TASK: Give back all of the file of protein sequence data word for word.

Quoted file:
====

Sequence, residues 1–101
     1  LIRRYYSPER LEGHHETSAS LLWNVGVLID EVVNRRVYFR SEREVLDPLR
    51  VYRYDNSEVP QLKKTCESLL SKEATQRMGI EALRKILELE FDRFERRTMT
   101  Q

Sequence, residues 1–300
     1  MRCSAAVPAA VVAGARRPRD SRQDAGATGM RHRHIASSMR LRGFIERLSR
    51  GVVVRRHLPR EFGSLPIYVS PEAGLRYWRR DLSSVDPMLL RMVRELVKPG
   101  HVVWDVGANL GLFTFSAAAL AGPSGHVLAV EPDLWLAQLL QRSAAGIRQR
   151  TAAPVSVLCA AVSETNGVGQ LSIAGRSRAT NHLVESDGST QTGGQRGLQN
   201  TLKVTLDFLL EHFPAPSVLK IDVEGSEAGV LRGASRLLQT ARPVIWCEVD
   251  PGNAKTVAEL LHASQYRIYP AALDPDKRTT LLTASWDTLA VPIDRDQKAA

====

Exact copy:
Sequence, residues 1–101
     1  LIRRYYSPER LEGHHETSAS LLWNVGVLID EVVNRRVYFR SEREVLDPLR
    51  VYRYDNSEVP QLKKTCESLL SKEATQRMGI EALRKILELE FDRFERRTMT
   101  Q

Sequence, residues 1–300
     1  MRCSAAVPAA VVAGARRPRD SRQDAGATGM RHRHIASSMR LRGFIERLSR
    51  GVVVRRHLPR EFGSLPIYVS PEAGLRYWRR DLSSVDPMLL RMVRELVKPG
   101  HVVWDVGANL GLFTFSAAAL AGPSGHVLAV EPDLWLAQLL QRSAAGIRQR
   151  TAAPVSVLCA AVSETNGVGQ LSIAGRSRAT NHLVESDGST QTGGQRGLQN
   201  TLKVTLDFLL EHFPAPSVLK IDVEGSEAGV LRGASRLLQT ARPVIWCEVD
   251  PGNAKTVAEL LHASQYRIYP AALDPDKRTT LLTASWDTLA VPIDRDQKAA